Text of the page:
By the Numbers: The stats that mattered this month

From search trends to Snapchat, our experts weigh in on what the numbers really say.
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They say that the only constant is change, but this month it seems that everything old is new again.

For example, after several years of panic that consultancies may be eating agencies’ lunch, things have turned back around — sort of. And, after a rocky IPO and a few quarters of falling short of expectations, Snapchat is once again predicted to grow healthily into the future. Finally, although search appears to have plateaued, our experts attest that there are increasingly innovative ways to use this tested and true medium.

CARD takes a look at the story behind the numbers with help from around the industry.

Participating in this month’s digital panel were: Adrian Martin, account director, search and social, PHD Media; Chris Sylvestre, director, search marketing systems, Media Experts; Kevin Bishop, VP, performance, Reprise; Caroline Moul, president, PHD Media; Tyler Dmytrow, director, Reprise; Josee Thibault, managing director, Society@ME, Media Experts; Jaimie Smith, associate director, search, social and paid social practice, PHD Media; Helen Galanis, president, Initiative;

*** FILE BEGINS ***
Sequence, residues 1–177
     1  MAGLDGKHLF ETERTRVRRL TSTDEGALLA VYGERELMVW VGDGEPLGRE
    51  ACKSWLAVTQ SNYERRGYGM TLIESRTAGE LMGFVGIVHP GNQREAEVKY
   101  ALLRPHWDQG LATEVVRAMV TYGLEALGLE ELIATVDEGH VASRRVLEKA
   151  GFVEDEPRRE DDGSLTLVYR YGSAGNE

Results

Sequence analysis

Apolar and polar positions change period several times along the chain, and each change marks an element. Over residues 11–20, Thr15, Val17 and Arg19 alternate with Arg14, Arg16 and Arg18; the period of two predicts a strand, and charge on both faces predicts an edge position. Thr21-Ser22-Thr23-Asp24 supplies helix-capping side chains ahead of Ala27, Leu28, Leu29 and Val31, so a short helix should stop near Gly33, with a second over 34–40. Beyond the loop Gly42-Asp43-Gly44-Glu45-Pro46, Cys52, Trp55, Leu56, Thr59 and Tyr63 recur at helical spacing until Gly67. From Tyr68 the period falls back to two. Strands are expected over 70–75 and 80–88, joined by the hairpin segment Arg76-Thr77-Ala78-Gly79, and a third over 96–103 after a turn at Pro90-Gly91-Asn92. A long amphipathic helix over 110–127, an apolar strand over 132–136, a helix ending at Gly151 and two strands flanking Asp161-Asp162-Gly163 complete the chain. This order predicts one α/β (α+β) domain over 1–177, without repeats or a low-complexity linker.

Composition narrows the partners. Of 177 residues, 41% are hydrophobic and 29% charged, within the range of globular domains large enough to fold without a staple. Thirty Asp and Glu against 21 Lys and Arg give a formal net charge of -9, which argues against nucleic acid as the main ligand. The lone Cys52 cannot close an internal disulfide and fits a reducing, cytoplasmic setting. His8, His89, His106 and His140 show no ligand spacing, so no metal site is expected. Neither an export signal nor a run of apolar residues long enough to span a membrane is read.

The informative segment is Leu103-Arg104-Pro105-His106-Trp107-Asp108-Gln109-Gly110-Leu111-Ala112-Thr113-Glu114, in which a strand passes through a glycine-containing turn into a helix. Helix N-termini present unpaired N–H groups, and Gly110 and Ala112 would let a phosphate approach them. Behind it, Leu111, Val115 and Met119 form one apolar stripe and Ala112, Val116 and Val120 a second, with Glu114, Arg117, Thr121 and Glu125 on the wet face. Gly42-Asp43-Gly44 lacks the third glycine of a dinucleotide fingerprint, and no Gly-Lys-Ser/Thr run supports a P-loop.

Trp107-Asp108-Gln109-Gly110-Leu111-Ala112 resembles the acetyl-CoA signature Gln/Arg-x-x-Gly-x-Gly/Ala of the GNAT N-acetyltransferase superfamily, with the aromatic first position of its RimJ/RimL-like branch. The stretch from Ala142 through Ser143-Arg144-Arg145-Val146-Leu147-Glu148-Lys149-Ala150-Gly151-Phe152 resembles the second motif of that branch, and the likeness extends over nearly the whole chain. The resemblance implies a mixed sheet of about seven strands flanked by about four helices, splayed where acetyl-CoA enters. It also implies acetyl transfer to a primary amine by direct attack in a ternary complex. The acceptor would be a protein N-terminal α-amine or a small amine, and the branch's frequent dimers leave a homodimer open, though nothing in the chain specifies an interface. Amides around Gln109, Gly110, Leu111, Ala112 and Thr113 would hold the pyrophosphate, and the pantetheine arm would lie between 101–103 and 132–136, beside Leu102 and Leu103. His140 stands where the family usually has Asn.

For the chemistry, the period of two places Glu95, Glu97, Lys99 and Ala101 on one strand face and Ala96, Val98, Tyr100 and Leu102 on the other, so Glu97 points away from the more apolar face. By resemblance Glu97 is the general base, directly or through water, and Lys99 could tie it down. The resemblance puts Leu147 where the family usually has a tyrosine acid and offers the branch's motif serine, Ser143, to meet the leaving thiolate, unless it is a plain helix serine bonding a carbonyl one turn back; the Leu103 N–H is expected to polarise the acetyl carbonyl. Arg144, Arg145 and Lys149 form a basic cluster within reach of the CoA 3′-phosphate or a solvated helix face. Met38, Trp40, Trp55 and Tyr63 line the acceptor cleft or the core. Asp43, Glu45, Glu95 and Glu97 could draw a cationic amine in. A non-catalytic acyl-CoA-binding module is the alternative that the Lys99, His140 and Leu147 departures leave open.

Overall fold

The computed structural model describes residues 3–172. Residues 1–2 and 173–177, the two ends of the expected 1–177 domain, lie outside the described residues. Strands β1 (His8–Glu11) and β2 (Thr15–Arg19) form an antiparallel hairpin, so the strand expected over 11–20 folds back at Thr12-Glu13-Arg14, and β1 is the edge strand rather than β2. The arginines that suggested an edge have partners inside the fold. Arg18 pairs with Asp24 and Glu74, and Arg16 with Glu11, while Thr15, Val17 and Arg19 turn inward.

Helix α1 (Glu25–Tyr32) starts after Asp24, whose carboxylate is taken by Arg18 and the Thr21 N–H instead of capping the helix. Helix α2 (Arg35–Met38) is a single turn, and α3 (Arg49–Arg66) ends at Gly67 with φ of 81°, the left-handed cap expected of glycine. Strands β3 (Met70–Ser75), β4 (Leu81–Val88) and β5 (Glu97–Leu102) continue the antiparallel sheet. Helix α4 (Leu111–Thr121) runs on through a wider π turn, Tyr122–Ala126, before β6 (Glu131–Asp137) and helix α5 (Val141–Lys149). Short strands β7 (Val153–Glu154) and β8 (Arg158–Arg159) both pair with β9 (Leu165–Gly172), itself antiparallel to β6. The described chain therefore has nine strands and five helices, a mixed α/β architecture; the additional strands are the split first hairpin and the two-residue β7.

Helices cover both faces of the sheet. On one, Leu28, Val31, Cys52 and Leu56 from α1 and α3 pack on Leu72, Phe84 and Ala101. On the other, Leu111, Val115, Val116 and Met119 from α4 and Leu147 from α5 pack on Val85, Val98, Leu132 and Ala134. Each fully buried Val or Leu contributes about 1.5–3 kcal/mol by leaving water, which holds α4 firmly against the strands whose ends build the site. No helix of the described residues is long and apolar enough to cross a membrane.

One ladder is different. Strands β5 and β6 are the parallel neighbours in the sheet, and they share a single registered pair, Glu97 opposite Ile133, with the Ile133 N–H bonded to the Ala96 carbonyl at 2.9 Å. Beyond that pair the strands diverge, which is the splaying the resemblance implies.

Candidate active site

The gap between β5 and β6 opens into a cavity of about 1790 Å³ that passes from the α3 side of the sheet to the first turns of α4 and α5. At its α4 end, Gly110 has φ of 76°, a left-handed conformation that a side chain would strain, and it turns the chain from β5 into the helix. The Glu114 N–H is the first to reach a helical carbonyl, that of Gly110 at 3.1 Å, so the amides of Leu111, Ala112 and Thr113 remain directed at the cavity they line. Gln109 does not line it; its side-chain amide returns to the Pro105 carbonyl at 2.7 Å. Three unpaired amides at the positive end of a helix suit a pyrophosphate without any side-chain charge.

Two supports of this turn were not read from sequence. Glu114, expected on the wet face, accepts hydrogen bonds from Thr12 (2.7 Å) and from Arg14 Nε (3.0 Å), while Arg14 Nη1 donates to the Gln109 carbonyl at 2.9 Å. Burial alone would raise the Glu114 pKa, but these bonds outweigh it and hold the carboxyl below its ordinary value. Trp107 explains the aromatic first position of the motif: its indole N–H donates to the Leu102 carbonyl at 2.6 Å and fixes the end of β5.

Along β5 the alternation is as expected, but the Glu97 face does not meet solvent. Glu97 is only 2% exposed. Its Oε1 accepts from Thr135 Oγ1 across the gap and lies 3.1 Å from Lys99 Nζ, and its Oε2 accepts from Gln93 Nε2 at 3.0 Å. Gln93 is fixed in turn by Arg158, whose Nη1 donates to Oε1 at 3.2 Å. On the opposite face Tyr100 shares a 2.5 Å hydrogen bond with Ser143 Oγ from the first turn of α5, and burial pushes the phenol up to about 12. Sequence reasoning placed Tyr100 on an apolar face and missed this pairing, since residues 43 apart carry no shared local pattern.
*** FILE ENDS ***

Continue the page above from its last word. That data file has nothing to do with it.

A new era for search

Research by Warc shows that search spend is set to rise 9.6% globally this year ($135.9 billion). Although it continues to grow, this rate is the softest since 2015. Search’s share of internet advertising has also flatlined at 45.8%. While search is strong but now stagnant, what are some of the ways this could affect the search market overall?

Sylvestre: I’d have to challenge the very notion that search is stagnant. In fact, with the rise of new technologies such as voice and visual search, we don’t anticipate spend slowing down in the future. Search is a multifaceted channel that can be leveraged in creative ways to spur growth in periods that may appear stagnant. As an example, with the increase in audience signals now available in search, we’re opening the door to new keywords and strategies that would previously have been considered too broad/risky for our clients.

Bottom line, if your search practice is at the forefront of embracing emerging tech while employing outside-the-box strategies to leverage the existing tools at their fingertips, there is no reason for search spend to flatline.

Martin: Google still controls nearly 95% of the traditional search market in Canada. Slowing natural growth and competition from Amazon means Google is testing new solutions to find new revenue in three different ways. They have gradually been increasing ad prominence in the search engine results page, increasing ad load (more ads in the same auctions), and forcing search placements off actual search engines to other properties such as YouTube, Google Display Network, and Google Maps. This last trend will have the largest impact for brands as new ‘smart’ formats for shopping and local campaigns take control and transparency away from advertisers in exchange for automation and machine learning applications. Agencies will have to learn to adapt within these new parameters and challenge Google on transparency since brands are increasingly asking for proof of incrementality in their digital investments.